Re: Live from Geldingadalir volcano, Iceland

Keyolder wrote: Sat, 3rd Apr 2021, 1:25pm I still don't understand how the earth's core is still molten after forming millions of years ago -Shock.png-
Maybe Jay can explain it a bit more? -Neutral.png-
There are three main sources of heat in the deep earth:
  1. heat from when the planet formed and accreted, which has not yet been lost;
  2. frictional heating, caused by denser core material sinking to the centre of the planet; and
  3. heat from the decay of radioactive elements.
It takes a rather long time for heat to move out of the earth. This occurs through both "convective" transport of heat within the earth's liquid outer core and solid mantle and slower "conductive" transport of heat through nonconvecting boundary layers, such as the earth's plates at the surface. As a result, much of the planet's primordial heat, from when the earth first accreted and developed its core, has been retained.
https://www.scientificamerican.com/arti ... hs-core-so

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Keyolder
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Apr 2021 03 21:01

Re: Live from Geldingadalir volcano, Iceland

thecaretaker wrote: Sat, 3rd Apr 2021, 5:03pm It takes a rather long time for heat to move out of the earth. This occurs through both "convective" transport of heat within the earth's liquid outer core and solid mantle and slower "conductive" transport of heat through nonconvecting boundary layers, such as the earth's plates at the surface. As a result, much of the planet's primordial heat, from when the earth first accreted and developed its core, has been retained.
https://www.scientificamerican.com/arti ... hs-core-so
I still find it amazing that even after billions of years the earths core has lost very little of its original heat leftover from the big bang -Shock.png-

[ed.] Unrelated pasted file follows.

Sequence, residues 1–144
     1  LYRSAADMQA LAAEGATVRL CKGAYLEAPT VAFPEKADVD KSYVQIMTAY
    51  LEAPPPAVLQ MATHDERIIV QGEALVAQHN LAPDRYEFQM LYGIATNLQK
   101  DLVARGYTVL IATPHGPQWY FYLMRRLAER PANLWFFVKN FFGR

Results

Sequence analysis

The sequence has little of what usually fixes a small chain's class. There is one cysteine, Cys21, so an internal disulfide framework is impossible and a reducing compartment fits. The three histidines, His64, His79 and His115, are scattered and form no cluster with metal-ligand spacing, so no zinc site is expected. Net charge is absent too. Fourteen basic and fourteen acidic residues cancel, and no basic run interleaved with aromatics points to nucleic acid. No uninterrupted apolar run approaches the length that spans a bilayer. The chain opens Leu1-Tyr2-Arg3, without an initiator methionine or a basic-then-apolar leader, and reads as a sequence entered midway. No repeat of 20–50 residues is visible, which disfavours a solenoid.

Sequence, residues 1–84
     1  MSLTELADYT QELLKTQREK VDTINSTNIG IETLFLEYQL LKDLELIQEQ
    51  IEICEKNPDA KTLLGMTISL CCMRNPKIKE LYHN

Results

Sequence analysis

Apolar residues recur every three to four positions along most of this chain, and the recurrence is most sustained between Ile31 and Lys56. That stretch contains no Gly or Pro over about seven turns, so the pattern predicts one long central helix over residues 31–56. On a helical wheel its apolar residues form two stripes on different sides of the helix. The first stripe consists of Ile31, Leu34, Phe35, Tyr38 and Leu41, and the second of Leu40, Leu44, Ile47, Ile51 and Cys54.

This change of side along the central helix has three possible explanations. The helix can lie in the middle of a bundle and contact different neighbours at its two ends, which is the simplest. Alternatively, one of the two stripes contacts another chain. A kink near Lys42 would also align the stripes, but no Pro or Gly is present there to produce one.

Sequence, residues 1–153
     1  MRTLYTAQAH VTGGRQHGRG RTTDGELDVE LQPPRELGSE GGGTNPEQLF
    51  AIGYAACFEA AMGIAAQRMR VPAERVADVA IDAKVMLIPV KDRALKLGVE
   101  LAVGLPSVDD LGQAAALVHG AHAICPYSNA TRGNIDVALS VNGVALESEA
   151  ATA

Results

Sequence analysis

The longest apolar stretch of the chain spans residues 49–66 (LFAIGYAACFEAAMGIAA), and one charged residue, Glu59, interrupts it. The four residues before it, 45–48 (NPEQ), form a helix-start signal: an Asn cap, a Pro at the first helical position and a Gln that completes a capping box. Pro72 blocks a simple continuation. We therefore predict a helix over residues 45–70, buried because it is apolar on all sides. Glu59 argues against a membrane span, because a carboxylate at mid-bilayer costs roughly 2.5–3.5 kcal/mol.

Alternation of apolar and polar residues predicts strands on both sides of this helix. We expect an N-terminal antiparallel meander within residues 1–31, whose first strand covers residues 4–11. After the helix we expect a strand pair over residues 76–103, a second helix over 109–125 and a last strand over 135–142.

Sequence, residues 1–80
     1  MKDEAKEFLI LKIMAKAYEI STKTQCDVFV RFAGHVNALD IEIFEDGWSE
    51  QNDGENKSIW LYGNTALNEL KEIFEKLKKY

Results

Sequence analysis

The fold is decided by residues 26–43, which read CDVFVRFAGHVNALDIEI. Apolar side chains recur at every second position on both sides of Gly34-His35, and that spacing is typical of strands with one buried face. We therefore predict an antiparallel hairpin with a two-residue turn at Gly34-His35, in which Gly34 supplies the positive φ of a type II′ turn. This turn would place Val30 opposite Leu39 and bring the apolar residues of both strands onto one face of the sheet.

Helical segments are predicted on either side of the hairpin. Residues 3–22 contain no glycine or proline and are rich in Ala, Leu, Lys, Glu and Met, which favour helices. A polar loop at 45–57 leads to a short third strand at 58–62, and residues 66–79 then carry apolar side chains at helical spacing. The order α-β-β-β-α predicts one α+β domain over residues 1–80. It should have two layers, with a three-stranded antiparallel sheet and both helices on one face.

I don't suffer from insanity, I enjoy every minute of it... -Crazy.png-
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AndyCornwall
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Apr 2021 05 10:58

Re: Live from Geldingadalir volcano, Iceland

Oh it's lost lots of its heat, but the core is well insulated by s couple of thousand miles of rock, started out a lot hotter that it is now and the earth is slowly solidifying, losing liquid core to solid core as it cools.

It's hard to realise the long timescales involved here and the core is still a mystery, the latest theories are that the core is crystalline iron enabling it to remain solid at the silly temperatures that exist there.
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thecaretaker
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Apr 2021 12 17:50

Re: Live from Geldingadalir volcano, Iceland

A better view... still going.



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thecaretaker
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Apr 2021 15 18:06

Re: Live from Geldingadalir volcano, Iceland

The cameras are no more. The volcano has turned violent and burnt the cameras filming it live to youtube. You wanna see this report. -Forgive.png-




UPDATE: The lava is now around 10 million cubic metres in total with 5 cubic metres flowing out of those vents every second. The Volcano Area Has Changed Dramatically